Chandigarh is bound on all sides by the states of Haryana and Punjab.
Capital : Chandigarh, Area : 114 sq. km. Population : 9,00,914 principal Languages : Hindi and Punjabi, Urbanization rate : 89.77% Literacy rate : 81.76%, City : Chandigarh, Airport : Chandigarh Airport
Number of Bank Branches: 109
Railway Route Per ‘000 Sq. of Area: 110 Km.
State of Economy:
The territory has 3,047 hectares of cultivable land. The irrigated area is about 2,740. Wheat, maize and paddy are the major crops. The forest covers 27 per cent of the area. The length of the national highway in the territory is 34.38 km. There are 15 large and medium scale industrial units in Chandigarh. More than 2,600 units are registered in the small scale sector. Chandigarh gets 3.5 per cent share of the total power generated by Bhakra dam.
Panjab University, Chandigarh: Post Graduate Institute of Medical Education and Research, Chandigarh.
Places of Tourist Attraction:
Rose Garden, Rock Garden, Shanti Kunj, Lake, Museum, Art Gallery, Capital Complex and National Gallery of Portraits.
Electric Meters, Bicycles, Free Wheels and Rims, Antibiotics, Hosiery and Knitting Machines, Needles, Wool Tops, Consumer Goods.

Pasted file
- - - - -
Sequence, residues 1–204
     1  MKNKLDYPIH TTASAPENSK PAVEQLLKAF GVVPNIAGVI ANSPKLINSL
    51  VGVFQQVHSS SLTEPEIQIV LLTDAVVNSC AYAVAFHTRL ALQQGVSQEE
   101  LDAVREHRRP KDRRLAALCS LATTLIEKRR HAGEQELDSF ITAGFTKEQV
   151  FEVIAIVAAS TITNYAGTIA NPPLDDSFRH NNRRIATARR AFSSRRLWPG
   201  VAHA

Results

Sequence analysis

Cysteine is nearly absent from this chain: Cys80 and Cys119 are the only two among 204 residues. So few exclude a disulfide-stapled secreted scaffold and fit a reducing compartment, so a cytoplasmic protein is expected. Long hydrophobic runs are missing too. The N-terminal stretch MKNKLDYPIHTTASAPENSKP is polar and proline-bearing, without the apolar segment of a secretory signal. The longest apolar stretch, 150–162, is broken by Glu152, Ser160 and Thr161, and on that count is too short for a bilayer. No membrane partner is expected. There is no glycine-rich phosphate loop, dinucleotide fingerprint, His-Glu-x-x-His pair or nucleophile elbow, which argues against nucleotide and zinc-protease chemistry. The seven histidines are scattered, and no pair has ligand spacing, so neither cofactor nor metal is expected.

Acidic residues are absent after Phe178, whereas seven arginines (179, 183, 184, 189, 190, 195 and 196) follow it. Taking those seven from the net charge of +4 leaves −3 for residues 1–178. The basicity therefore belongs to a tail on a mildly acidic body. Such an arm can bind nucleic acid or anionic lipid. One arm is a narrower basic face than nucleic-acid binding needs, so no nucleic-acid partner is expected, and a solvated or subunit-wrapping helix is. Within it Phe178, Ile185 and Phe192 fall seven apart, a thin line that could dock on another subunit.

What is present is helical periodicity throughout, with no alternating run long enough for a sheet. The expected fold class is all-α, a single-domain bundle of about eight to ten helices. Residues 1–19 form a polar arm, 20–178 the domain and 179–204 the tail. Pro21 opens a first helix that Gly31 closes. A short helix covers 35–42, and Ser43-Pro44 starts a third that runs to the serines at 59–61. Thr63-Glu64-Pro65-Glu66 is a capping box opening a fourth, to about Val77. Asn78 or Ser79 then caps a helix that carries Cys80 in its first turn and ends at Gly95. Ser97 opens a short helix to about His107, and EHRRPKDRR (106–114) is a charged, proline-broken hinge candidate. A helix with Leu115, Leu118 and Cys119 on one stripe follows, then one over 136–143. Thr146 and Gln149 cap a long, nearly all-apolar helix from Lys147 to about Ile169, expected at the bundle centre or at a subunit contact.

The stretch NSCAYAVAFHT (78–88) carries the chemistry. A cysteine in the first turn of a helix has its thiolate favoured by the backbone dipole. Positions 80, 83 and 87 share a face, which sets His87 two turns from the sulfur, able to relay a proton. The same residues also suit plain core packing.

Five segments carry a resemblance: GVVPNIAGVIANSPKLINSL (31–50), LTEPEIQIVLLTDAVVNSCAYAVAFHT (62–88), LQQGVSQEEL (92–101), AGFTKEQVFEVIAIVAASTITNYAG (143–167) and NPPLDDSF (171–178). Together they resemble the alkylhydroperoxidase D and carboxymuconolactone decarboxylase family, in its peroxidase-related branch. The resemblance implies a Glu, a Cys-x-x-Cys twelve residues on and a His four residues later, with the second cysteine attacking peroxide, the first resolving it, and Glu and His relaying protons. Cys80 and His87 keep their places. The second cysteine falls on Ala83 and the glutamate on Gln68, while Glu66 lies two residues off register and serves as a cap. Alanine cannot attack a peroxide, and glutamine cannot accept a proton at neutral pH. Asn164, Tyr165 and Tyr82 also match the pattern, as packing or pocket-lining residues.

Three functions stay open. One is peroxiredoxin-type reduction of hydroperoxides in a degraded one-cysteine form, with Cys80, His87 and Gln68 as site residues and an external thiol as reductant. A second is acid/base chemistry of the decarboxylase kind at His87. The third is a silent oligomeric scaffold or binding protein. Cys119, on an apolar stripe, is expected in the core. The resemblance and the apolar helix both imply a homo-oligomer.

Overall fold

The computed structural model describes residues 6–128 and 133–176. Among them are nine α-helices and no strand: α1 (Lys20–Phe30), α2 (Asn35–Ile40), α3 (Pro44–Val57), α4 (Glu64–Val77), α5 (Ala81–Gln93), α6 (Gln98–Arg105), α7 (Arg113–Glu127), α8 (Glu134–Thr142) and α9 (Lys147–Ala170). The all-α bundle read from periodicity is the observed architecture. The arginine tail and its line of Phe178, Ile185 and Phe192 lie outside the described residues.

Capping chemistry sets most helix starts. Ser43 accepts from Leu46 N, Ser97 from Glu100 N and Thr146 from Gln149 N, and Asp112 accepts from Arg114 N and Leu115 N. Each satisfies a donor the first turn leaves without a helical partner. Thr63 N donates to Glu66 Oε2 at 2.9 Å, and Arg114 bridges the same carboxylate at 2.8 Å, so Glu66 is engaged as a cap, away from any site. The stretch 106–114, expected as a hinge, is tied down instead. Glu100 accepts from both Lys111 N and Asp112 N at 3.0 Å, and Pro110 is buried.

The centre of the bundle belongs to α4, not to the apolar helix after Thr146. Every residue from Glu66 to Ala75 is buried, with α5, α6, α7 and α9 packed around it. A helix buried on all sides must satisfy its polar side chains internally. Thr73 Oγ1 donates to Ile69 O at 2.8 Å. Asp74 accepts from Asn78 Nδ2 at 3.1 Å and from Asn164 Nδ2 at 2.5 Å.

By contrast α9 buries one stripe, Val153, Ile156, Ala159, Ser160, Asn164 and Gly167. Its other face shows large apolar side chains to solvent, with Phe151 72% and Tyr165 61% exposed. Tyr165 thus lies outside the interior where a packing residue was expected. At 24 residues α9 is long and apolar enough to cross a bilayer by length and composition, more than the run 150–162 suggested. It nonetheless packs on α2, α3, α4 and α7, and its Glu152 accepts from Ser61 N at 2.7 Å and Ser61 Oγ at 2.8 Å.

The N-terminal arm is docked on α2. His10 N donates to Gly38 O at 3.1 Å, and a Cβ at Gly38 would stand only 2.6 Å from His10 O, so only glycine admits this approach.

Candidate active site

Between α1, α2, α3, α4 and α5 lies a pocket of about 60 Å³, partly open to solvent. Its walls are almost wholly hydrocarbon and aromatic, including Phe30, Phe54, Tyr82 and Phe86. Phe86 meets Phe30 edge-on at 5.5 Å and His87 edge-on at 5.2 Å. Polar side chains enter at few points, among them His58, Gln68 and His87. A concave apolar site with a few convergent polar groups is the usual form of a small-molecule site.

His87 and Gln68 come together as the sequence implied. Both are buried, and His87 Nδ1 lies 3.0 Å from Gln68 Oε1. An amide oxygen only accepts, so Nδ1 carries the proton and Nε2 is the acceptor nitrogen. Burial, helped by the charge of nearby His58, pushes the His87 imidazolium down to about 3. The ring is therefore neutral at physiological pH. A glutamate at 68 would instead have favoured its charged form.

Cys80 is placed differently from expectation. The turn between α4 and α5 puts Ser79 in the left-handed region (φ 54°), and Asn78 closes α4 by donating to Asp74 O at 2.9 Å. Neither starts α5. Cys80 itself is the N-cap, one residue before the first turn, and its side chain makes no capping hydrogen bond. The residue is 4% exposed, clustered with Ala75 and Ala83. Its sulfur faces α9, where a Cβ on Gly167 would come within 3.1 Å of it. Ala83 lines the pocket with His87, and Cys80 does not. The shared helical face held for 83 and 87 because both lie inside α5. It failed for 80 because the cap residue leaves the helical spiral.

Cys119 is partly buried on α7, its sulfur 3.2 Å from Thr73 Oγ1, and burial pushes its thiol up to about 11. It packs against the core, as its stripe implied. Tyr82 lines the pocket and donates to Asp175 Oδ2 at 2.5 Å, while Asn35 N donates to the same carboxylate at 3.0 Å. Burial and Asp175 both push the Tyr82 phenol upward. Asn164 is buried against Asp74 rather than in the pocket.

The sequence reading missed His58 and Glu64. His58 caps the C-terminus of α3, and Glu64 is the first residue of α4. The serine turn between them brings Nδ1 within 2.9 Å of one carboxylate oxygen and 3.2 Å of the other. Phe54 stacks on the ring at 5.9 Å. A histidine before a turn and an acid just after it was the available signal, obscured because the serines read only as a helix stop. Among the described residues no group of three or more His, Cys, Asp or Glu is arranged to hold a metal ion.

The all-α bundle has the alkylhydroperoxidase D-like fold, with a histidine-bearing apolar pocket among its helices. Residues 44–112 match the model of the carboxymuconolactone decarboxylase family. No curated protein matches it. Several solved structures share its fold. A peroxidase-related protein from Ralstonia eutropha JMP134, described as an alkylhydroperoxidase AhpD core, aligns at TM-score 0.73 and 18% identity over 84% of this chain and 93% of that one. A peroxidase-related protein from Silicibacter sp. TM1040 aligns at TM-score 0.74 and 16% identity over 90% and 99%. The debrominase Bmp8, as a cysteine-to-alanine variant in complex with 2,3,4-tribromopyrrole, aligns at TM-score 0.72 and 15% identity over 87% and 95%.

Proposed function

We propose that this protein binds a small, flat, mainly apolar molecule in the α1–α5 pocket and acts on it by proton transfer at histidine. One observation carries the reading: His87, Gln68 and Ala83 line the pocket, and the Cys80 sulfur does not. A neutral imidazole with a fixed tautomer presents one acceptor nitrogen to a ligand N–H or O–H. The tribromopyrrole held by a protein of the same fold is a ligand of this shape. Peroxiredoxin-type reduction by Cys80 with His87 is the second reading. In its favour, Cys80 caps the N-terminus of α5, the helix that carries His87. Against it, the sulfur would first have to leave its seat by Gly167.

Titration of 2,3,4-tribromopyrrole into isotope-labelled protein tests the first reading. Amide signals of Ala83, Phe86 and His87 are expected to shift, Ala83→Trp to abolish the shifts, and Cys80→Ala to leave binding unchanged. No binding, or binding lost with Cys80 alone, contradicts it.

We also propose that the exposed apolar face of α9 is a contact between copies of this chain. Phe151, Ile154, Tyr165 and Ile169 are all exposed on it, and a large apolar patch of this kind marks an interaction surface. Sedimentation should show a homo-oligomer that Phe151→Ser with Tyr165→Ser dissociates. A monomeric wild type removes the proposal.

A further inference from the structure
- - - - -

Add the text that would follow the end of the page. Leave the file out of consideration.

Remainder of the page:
Wheat, Maize and Paddy.
On the pattern of the colonial Irish constabulary, Sir Charles Napier established a police system in Sindh in 1843. The British Army Officers closely supervised and controlled forces, which were resultantly more disciplined, efficient and not corrupt.
Influenced by the success of Napier’s police, the Court of Directions of the East India Company suggested that a common system of police be established of the pattern of Irish Constabulary. The British Indian Government set up a Police Commission headed by H.M. Court in 1860.
One of the policy directives to the Police Commission of 1860 was, “….Though the duties of the police should be entirely civil, not military, the organisation and discipline of the police should be similar to those of a military body.”
The present police system in our country has been established under this Charter. The Punjab Police Rules were framed in 1934, which still govern the police organizations in the north Indian states of Punjab, Himachal Pradesh, Delhi, Chandigarh and Haryana.
he state of Haryana was carved out of Punjab on 1 November, 1966. At that time, it comprised one Police Range and 6 districts and had strength of 12,615 personnel. Today, the state is divided into 4 Ranges and 21 districts besides the Railway Police district. Today, Haryana Police has a total strength 37,223 (Gazetted Officers-226! Inspectors-359, Sub-inspectors-1053, Assistant Sub-inspectors-2383, Head Constables-8007, Constables-25195).